There are differences. (Except mitochondrial eukaryotic membranes, which are indeed similar to bacterial membranes! (reviewed in van Meer et al., 2008)).
First, bare in mind that it is thought that even different eukaryotes, such as Fungi and Humans, have different cell membrane compositions and that this is reflected in the proteins (Sharpe et al, 2010). The outer membrane of Gram negative bacteria isn't even made of phospholipids, it's made of glycolipids (Kamio & Nikaido, 1976). Archean membranes have the most notable lipid compositions, including a bilayer-like monolayer, to adapt to the conditions they are found in (Oger et al 2013). My point being that saying "there are differences" is indeed an understatement.
This question has probably arisen because anti-microbial peptides seem to act with specificity, and that perhaps this specificity comes from direct peptide-lipid interaction. This is on the right lines. From wikipedia:
The cell membranes of bacteria are rich in acidic phospholipids, such as phosphatidylglycerol and cardiolipin. These phospholipid headgroups are heavily negatively charged. Therefore, the outmost leaflets of the bilayer which is exposed to the outside of the bacterial membranes are more attractive to the attack of the positively charged antimicrobial peptides.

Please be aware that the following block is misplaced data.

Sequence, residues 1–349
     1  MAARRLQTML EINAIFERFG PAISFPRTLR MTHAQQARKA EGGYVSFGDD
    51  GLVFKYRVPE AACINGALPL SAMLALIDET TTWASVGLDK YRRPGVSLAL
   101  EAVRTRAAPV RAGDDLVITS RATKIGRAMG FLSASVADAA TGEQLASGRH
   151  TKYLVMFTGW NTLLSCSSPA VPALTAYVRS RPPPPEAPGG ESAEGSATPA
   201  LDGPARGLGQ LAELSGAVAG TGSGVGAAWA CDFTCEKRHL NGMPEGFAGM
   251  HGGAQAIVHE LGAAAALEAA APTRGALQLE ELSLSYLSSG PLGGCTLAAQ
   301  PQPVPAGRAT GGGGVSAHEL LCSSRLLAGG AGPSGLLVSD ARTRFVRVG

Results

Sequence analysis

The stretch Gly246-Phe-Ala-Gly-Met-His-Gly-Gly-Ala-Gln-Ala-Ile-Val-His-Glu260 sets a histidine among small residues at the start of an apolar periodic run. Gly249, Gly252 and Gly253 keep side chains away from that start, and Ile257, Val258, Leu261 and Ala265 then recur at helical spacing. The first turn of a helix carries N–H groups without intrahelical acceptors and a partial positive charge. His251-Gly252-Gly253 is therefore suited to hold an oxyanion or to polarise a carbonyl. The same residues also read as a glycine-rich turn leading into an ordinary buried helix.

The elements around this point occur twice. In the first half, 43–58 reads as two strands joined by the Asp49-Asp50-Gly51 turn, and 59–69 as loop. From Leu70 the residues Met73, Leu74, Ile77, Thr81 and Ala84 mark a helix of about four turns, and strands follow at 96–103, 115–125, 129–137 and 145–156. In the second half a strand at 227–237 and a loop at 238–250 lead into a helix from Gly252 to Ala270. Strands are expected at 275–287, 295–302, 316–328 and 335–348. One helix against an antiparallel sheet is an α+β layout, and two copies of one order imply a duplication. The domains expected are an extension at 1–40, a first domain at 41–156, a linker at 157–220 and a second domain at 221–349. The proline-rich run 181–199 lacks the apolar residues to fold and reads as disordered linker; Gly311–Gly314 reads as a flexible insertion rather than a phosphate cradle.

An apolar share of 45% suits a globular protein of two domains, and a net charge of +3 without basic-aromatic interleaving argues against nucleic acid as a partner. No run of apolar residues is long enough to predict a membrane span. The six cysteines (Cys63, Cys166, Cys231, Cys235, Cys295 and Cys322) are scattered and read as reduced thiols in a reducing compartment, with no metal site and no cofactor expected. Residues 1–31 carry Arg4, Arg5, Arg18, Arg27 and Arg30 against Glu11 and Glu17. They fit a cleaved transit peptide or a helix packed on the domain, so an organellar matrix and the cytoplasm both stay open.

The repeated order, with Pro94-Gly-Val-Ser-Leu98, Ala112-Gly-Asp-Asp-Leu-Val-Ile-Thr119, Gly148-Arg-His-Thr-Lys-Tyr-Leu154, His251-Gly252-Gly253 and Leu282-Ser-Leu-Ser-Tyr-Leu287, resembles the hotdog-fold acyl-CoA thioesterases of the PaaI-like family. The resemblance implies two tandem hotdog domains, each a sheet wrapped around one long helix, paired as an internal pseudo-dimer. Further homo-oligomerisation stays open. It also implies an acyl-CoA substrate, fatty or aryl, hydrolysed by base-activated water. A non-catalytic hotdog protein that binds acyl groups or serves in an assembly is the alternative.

Notably, no such charge exists in eukaryotes since the negative charge is found on the inner leaflet of the plasma-membrane rather than the outer leaflet.
There is such a massive variation, even within bacterial membrane composition (Bogdanov et al 2014), that I cannot even really begin to list it here. Furthermore, there are variations in the glycocalyx, surface proteins, and lipid composition dynamics due to lipid rafts.